Infectious disease expert warns monkeypox cases will climb fast in New Zealand, calls for Government to step up response

An infectious disease expert is calling on New Zealand to step up its response to monkeypox as pressure continues to mount on the Government to take action. 

So far, New Zealand has three confirmed cases of monkeypox, with all of them being from travellers returning from overseas.

Dr Nick Chamberlain, National Director of Te Whatu Ora – Health New Zealand's National Public Health Service, said the first two cases have now fully recovered and there is no evidence of community transmission. 

The latest stats from the University of Oxford showed more than 23,000 cases in 78 countries, while Brazil, India and India have so far reported deaths. 

Infectious disease and sexual health physician Dr Massimo Giola told Newshub Live at 8pm on Thursday Aotearoa needs to step up its response.

"We do [need to step up our response] and not just in New Zealand, but worldwide because the outbreak is growing at a very fast pace ... so, yes, it's definitely an alarm bell ringing," Dr Giola told host Rebecca Wright. 

Dr Giola said New Zealand needs to act now if we want to avoid seeing the virus spread around the country.

"Well, some also are saying we have already lost the race with the virus worldwide and this becoming an endemic amongst the communities most at risk," he said.

"I guess in New Zealand, we have a pretty unique opportunity to avoid monkeypox getting hold in our population, but we need to act fast if we want to avoid that."

Cases of monkeypox have been mostly identified among men who have sex with men but it can also spread from person to person through close contact with someone who has a monkeypox rash, including through face-to-face, skin-to-skin, mouth-to-mouth or mouth-to-skin contact, the World Health Organization said.

Dr Giola said the virus might be mutating.  

"It can be [extremely unpleasant], and also, this outbreak is behaving in a different way from classical textbook monkeypox," he said.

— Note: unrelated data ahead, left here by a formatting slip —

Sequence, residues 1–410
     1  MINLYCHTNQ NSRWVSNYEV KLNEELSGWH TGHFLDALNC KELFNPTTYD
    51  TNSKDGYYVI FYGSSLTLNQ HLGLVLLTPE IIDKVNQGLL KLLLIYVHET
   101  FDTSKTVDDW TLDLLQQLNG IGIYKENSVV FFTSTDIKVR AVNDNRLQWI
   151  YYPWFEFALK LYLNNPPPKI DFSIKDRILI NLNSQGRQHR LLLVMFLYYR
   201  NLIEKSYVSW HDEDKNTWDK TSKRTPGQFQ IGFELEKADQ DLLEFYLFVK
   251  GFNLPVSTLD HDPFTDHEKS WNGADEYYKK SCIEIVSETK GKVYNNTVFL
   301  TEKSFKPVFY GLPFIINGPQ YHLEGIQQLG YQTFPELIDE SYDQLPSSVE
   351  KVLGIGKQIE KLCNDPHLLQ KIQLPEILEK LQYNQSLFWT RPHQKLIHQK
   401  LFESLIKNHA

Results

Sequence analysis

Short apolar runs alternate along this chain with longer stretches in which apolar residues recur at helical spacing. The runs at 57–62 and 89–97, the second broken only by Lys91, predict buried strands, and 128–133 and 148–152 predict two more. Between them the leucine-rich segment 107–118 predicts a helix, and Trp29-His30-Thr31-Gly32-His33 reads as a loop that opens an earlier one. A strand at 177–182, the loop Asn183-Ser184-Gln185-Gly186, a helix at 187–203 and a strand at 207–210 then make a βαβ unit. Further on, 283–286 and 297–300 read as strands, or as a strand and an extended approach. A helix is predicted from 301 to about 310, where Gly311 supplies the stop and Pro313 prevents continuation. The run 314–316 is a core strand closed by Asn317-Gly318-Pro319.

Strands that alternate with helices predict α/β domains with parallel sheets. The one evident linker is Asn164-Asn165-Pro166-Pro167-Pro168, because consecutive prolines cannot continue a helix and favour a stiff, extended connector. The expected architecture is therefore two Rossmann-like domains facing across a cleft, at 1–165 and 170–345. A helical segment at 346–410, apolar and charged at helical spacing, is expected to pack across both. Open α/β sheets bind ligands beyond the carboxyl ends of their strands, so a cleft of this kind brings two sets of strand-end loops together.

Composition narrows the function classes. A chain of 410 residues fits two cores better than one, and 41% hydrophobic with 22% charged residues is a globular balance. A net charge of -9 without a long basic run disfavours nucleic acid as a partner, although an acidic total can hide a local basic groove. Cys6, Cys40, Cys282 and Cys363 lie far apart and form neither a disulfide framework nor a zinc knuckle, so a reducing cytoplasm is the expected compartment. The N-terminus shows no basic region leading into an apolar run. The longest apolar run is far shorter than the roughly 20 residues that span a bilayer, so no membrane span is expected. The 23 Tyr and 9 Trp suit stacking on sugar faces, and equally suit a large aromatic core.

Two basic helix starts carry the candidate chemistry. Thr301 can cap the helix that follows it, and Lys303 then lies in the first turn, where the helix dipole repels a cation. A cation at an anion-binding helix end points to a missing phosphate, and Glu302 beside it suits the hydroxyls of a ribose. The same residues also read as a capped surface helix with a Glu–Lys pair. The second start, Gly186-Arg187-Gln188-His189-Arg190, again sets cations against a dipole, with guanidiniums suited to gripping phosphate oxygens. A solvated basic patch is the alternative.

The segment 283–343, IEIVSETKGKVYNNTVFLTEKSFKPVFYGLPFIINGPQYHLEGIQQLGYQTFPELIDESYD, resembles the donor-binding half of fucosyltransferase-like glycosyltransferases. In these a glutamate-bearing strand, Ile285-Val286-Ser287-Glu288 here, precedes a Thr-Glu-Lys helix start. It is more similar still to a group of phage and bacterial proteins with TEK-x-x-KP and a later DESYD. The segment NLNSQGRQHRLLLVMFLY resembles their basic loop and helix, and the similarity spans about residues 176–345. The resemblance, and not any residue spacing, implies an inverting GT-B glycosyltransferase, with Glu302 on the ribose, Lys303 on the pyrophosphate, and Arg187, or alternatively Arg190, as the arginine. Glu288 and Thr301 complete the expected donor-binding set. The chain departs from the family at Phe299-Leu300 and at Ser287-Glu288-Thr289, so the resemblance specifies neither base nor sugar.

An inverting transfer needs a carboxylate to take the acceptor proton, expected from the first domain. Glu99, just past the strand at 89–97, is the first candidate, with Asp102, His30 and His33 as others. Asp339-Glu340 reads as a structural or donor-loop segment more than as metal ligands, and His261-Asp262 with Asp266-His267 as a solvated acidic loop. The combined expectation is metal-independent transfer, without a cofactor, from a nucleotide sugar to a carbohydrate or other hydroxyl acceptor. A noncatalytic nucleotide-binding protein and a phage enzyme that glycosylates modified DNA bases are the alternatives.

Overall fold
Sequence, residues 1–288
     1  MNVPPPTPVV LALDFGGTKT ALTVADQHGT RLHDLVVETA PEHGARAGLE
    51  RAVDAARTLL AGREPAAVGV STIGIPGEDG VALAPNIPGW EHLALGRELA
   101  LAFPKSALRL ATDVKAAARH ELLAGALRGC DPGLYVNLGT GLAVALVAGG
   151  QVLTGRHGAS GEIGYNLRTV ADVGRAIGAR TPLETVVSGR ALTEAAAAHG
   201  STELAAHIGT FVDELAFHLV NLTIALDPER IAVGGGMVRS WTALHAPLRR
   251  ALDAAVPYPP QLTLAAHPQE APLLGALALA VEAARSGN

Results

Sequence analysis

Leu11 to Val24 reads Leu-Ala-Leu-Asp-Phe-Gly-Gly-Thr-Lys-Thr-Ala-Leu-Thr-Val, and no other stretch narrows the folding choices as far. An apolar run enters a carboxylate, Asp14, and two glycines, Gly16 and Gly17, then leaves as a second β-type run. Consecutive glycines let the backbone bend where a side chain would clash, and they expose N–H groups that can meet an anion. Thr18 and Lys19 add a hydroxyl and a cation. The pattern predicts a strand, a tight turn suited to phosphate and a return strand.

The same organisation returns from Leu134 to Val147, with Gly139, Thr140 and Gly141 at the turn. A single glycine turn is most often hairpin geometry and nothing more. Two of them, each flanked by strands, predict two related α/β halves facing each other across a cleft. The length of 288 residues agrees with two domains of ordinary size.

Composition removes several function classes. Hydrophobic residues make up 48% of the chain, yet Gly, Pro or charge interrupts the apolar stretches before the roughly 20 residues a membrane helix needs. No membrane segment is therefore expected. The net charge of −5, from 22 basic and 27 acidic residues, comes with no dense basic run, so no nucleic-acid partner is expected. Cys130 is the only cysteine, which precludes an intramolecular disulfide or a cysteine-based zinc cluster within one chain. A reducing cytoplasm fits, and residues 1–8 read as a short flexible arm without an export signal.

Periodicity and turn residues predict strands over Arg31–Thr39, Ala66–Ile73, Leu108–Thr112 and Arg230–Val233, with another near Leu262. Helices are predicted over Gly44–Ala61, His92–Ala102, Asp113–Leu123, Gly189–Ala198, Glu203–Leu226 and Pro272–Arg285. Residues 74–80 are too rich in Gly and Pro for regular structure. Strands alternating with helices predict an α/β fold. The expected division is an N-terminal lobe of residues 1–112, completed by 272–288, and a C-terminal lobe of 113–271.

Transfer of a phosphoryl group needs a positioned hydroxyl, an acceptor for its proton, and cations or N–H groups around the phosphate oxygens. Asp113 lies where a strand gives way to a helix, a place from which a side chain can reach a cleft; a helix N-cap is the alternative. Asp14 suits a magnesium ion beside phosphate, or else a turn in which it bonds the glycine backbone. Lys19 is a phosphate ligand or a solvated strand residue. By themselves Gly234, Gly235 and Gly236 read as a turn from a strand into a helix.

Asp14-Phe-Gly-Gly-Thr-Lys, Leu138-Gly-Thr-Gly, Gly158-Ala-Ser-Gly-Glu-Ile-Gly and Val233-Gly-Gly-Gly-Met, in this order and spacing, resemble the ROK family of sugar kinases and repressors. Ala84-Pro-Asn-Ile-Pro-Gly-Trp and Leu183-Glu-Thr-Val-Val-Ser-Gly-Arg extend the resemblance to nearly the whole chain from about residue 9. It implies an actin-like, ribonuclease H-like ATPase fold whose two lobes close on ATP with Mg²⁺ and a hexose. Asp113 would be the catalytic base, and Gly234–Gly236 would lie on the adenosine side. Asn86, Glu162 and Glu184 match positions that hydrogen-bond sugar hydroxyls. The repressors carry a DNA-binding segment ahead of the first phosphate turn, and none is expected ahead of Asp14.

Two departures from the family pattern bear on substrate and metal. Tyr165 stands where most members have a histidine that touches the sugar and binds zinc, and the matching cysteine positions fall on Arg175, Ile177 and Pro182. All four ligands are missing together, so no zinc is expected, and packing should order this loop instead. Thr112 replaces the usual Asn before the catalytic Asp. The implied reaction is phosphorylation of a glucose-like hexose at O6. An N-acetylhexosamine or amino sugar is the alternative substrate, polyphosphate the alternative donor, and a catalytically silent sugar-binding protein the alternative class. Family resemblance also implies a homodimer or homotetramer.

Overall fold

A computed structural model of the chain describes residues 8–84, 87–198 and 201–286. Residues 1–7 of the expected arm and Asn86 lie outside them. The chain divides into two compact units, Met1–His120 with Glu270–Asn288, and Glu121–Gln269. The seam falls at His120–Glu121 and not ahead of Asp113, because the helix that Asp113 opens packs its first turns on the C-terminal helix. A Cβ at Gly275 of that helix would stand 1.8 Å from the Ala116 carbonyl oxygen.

"There are also some early signs the virus might be mutating, evolving and adapting more to human hosts, but also potentially causing different pathology than what it used to." 

Dr Giola said from previous experience, the virus is likely to spread among the general population. 

"So gay and bisexual men tend to be, as I say, the canary in the coal mine of STIs, and then you normally see a spill-over to the general population," he told Newshub at 8pm. 

"So, for example, that's exactly what's happened with syphilis in New Zealand over the last decade. 

"We saw in 2011 the cases go up among gay and bisexual men and only a couple of years later, we had cases in the general population, including in congenital syphilis cases. So, yes, that's definitely a worry and something that's probably going to happen."

It's not just Dr Giola who thinks monkeypox cases will spread around the country - Dr Chamberlain said New Zealand will likely see community transmission. 

"The risk is low, but we will continue to see cases and these are likely to be from international travels as is currently the case, he said during an update on New Zealand's COVID-19 response on Thursday. 

"At some stage, looking at the international experience, there will also be community transmission."

Chamberlain urged Kiwis travelling overseas to take caution, particularly in practising safe sex.

There is currently a global shortage in monkeypox vaccines as they are only supplied by one company.

New Zealand currently doesn't have any guaranteed supply of the vaccine, but the Ministry of Health said it is developing a plan.